what you’ll need:
Time needed: 20 minutes
- a broken bolt that you can access easily from at least one side
- a power drill
- a normal drill bit of slightly less diameter than the broken bolt
- a screw extractor bit that corresponds with your normal drill bit
- a tap wrench
Oops. It’s always that last bolt, isn’t it? You’re finally done with your project, and are just putting that last bolt back together….your mind wanders, thinking about how — at last! — you’ll be out riding instead of wrenching the stupid bike, when… SNAP! Your bolt snaps right in two, right down inside where you can’t pull it back out. But don’t worry, as long as you can get to one flat side of the bolt, you can get it out in very short time with a screw extractor.
A screw extractor is actually two different parts working together: a screw extractor bit and a tap wrench. Screw extractor bits look like normal drill bits, except that they’re roughly pyramid-shaped — the tips are pointy, and they flare wider towards the base. The base has a square protuberance, which fits into the tap wrench. The interesting part about the screw extractor bit is that the threads on them run “backwards”, or counterclockwise (drill bit threads run clockwise). You’ll you use a normal drill bit to drill a hole in the bolt, and the push the corresponding screw extractor bit in — the counterclockwise action used to screw the extractor bit into the hole will be the same counterclockwise action normally used to remove a bolt.
Here’s a picture of the drill/extractor bits kit that I have. It includes five drill bits, and the corresponding five screw extractors. The drill bits are on the left side of the case; the screw extractors on the right.
Every report I’ve read about screw extractors says to use a tap wrench with the extractor bit, and not a normal wrench/spanner/grips etc… Apparently the extractor bits are easily broken when using a normal wrench — I don’t know for sure, because I didn’t risk it, but I pass on the warning. The tap wrench worked perfectly for me; I bought one with a T-handle, which adjusts to hold very small bits all the way up to 1/2″ bits (you’ll want to compare the measurements on the extractor box with those on the tap wrench box). The end looks sort of like a drill chuck; you just slide your extractor bit in and turn a little collar to tighten it. That’s all.
Before You Start:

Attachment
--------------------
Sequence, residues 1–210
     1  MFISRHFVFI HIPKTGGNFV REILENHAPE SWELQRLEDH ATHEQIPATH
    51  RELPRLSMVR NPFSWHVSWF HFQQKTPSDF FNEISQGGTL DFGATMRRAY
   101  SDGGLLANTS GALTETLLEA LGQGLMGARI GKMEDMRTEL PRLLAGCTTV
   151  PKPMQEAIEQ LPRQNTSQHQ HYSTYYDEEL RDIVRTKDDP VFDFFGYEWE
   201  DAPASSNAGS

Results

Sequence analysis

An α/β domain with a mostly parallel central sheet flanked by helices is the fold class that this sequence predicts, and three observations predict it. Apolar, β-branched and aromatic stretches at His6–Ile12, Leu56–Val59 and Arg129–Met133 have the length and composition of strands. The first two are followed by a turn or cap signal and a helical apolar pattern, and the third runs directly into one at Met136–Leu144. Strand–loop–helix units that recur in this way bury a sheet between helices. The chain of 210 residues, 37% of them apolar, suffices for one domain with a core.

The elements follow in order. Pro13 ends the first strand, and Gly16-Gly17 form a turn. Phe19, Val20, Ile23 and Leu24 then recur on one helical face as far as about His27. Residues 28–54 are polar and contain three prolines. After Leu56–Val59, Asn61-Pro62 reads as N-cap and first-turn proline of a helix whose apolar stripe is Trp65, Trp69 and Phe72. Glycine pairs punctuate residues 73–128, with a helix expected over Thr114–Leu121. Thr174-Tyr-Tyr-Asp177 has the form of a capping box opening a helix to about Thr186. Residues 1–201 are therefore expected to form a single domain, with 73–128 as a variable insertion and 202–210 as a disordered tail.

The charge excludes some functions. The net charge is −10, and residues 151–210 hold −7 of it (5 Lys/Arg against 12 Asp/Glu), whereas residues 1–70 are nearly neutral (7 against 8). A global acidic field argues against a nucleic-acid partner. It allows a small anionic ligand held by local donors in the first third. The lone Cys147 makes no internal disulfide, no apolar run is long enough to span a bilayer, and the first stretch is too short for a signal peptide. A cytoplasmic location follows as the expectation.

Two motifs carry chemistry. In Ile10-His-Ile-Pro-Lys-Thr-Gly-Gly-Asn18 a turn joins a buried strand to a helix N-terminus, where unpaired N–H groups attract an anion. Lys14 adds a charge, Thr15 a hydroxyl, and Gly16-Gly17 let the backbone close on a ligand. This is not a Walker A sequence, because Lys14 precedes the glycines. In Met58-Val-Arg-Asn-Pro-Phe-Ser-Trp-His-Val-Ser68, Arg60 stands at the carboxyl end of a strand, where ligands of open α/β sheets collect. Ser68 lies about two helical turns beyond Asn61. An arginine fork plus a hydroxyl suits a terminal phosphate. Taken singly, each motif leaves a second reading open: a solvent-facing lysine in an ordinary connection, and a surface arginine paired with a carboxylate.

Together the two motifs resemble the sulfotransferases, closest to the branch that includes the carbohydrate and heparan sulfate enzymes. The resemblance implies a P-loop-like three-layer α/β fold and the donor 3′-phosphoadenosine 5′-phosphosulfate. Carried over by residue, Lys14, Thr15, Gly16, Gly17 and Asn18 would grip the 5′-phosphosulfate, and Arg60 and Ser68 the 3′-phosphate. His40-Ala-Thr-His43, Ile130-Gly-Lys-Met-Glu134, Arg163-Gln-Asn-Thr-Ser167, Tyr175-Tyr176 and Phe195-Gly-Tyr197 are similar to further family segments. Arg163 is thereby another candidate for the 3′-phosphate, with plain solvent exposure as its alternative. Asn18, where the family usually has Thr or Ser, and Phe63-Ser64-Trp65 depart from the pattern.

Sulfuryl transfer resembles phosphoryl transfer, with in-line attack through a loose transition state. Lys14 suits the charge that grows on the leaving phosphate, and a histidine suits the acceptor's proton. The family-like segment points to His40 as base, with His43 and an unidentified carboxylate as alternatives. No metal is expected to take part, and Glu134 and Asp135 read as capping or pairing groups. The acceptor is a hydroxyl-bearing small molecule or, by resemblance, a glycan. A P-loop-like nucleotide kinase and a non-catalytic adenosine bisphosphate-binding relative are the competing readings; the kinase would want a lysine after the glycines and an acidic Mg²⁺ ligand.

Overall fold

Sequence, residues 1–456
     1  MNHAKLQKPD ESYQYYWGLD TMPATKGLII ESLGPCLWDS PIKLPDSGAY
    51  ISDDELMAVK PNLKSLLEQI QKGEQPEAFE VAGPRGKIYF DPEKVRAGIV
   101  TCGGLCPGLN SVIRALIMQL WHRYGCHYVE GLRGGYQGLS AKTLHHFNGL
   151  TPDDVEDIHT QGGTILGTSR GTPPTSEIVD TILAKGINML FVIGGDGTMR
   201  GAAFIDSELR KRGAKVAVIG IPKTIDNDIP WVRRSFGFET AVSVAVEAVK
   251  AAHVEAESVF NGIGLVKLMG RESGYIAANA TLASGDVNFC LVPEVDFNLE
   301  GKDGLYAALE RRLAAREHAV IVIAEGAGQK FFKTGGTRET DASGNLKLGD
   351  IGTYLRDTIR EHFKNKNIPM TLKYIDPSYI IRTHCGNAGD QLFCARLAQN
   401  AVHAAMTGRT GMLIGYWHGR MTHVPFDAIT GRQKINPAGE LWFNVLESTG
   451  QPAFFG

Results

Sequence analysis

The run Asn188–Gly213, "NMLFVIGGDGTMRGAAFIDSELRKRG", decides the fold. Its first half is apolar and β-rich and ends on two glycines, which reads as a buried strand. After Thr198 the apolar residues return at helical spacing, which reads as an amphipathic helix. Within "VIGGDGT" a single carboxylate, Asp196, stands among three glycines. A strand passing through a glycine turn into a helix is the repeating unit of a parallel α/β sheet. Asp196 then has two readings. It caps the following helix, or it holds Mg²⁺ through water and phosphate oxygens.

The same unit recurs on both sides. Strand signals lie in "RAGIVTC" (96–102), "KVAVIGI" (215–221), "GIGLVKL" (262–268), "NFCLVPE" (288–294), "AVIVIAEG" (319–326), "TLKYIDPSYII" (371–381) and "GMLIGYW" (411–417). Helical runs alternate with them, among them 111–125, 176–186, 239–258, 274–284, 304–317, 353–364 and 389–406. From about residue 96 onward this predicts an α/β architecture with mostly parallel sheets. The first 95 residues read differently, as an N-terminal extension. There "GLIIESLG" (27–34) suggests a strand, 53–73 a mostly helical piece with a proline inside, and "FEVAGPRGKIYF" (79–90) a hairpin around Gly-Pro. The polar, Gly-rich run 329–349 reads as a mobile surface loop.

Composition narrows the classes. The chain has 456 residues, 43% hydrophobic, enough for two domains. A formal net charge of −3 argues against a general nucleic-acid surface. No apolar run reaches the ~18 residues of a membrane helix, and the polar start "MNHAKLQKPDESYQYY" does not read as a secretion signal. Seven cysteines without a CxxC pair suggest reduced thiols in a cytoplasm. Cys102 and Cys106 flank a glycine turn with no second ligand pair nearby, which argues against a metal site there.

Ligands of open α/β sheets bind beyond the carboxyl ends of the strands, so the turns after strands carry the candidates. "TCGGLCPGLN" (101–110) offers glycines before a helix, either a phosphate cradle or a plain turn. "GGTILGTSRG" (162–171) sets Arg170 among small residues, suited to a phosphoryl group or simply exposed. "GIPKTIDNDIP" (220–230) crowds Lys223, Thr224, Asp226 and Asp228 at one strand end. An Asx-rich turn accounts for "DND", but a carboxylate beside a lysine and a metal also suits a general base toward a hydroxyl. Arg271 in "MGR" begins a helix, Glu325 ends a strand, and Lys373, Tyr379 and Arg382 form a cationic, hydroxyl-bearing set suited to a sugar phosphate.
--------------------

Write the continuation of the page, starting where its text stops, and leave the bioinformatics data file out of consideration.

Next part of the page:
Look at your broken bolt and determine what size drill bit to use. You want one that will take up most of the inner diameter of your bolt, without damaging any of the metal housing surrounding the bolt. Then, pick out the corresponding screw extractor bit. If you get a kit, like the one pictured above, it’s very easy to tell which bits go together; there’s a one-to-one correspondence within the kit. If you already have drill bits, and are buying just one extractor bit, make a note of the drill bit diameter. The extractor bit’s box should say which drill bit it’ll work with. Make sure you get the right one, because you really don’t want the extractor bit breaking off inside the broken bolt. Also make sure that your tap wrench will hold the size of extractor bit that you need. Again, compare the measurements on the boxes.
Lets Get Started: The first thing to do once your tools are assembled is to prepare the work space. Drills will produce little metal shavings, so if your bolt kindly broke off in an area of your bike which is sensitive to little metal shavings, you’ll want to make a little surgical
covering for it. The Nighthawk’s broken bolt was one of the cylinder head cover bolts, so I had to remove the cover to get to the broken bolt. That meant we were drilling right next to exposed valves and camshafts. We taped a few layers of duct tape over the end of the cylinder head (cutting a hole for the bolt), and attached a folded-over paper towel to catch any stray shavings.
Now you’re ready to drill. Put on your happy eye protection, attach the correct size drill bit, line it up smack dab in the centre of that stuck bolt, and drill. You don’t need to drill all the way through the bolt; halfway through or less should suffice. Remember that you don’t want to damage any non-bolt part of the bike, so it’s much better to drill too little at first and then go back and drill more than it is to be over-enthusiastic and break something. If you’re in a metal shavings sensitive area, you might find it helpful to have a friend hold the tube end of a vacuum cleaner nearby to suck away stray fillings while you’re drilling.
Once your hole is drilled, attach the corresponding screw extractor bit into your tap wrench. Simply insert the tip of the extractor bit into the hole that you just drilled, and turn counterclockwise. Since the threads are reversed on the extractor bit, turning it counterclockwise will tighten the bit into the hole in the bolt. The tapering on the bit means that it will eventually fit snugly within the broken bolt, at which point, turning the bit counterclockwise will force the bolt to turn counterclockwise as well. As we know with bolts, it’s “right to tighten, and left to loosen”, and turning a bolt counterclockwise will remove it.
The bolt should now come out, and you’re as happy as a pig in shit.
screw extracter Now you can go re-order that stupid bike-specific bolt for ten quid from the local dealer (and probably wait another two weeks while the ship it from some obscure country 🙂 )